Today 'The Winds of Heaven' by Monica Dickens blew down from the bookshelves and came to life with Persephone readers in Bloomsbury.
The aspect of Persephone books that I love so much is their constant relevance to today's life- or indeed a timeless quality than spans years and experience. So a book that was written in the 1950's can speak on levels that are relevant to now- whenever now is.
This beautifully observed book on being a widow , and the journey of life for Louise and her relationship with her three daughters Miriam , Anna , Eva and granddaughter Ellen, is a considered study of loneliness , isolation and how random opportunities can dictate unforeseen consequences.
Debbie Kerslake of Cruse gave 'a well modulated ' talk [ quote -Nicola Beaumont] about the book's portrayal of grief and how bereavement can affect individuals in many ways. I will not try to convey the contents of the talk as it will be appearing at a later date in one of the Persephone magazines and the words would not be mine. Suffice to say, it was a very moving discussion and I was so glad to have experienced it. http://www.crusebereavementcare.org.uk/
So whilst the written word is food for the soul, so the visual is a feast for the eyes. I reflect on how fiction jumps from the page and triggers personal experiences and memories. We can use fiction as a form of escapism or we can use it as a vehicle for vocalising emotions. I sit in these comfortable surroundings with women I have never met, discussing personal private emotions and fight back the tears. We women are unknowingly connected through the written text .
'How odd it was, the way their roles in life had become reversed, the mother's and the daughter's. For what a short time, it seemed , has Louise been able to look after Miriam. Now it was the other way round. Miriam was responsible for her mother.'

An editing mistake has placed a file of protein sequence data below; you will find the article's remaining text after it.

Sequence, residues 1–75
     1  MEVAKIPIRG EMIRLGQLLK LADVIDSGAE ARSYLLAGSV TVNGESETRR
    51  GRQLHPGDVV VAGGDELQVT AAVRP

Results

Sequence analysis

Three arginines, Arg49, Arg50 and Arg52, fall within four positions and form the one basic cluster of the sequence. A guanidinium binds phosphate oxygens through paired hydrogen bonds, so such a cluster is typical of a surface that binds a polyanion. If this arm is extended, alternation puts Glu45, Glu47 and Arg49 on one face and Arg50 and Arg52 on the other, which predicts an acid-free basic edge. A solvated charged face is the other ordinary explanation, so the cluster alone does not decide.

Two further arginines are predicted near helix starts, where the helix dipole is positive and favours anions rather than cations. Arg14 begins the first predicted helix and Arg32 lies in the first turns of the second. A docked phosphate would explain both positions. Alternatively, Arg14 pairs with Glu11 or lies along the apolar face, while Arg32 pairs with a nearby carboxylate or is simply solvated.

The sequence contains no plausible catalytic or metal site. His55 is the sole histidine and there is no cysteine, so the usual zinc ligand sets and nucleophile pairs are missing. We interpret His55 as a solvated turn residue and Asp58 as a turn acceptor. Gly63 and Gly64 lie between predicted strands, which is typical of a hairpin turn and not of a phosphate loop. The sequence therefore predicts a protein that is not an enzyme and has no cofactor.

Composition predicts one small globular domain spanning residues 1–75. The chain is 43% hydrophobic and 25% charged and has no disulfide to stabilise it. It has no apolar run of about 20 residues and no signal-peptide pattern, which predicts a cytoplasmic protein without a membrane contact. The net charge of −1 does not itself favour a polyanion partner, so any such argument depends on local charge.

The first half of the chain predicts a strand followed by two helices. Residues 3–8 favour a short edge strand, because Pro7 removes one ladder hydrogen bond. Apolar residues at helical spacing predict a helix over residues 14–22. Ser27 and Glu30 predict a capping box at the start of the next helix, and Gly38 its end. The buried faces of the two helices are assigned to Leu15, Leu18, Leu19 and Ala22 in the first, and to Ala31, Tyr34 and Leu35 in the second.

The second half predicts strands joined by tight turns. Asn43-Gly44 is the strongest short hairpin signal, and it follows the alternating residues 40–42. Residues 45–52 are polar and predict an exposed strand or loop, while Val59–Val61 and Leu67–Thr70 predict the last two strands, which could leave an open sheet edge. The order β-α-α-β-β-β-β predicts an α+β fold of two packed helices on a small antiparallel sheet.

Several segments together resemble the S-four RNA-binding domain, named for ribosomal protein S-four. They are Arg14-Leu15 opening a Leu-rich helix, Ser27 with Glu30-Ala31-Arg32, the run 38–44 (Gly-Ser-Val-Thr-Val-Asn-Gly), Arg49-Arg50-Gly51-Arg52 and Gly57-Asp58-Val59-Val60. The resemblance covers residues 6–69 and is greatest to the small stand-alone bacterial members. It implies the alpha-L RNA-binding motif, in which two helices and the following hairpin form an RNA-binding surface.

' I must not die before she's grown up and married, Louise thought.Whatever happens , I must not die and leave her.'
Monica Dickens: The Winds of Heaven.
I will always remember my mother's face and her words when we took her to see the Oncologist to discuss her condition. She questioned, knowingly, of how she would not live to see her grandchildren grow up. Her fierce love was so prevalent. Bereavement is so personal that nothing is ever the same again.
So thank you Persephone, Monica Dickens and Debbie Kerslake. It was a good book, a good lunch and a good discussion. We all streamed out from Persephone and back into our own world's the richer for the experience.
Walking home through Bloomsbury I pondered on how wonderful it is that fiction so often mirrors life and that life can be vocalised so meaningfully through fiction.
Normally I would end with a quote but tonight an image will suffice.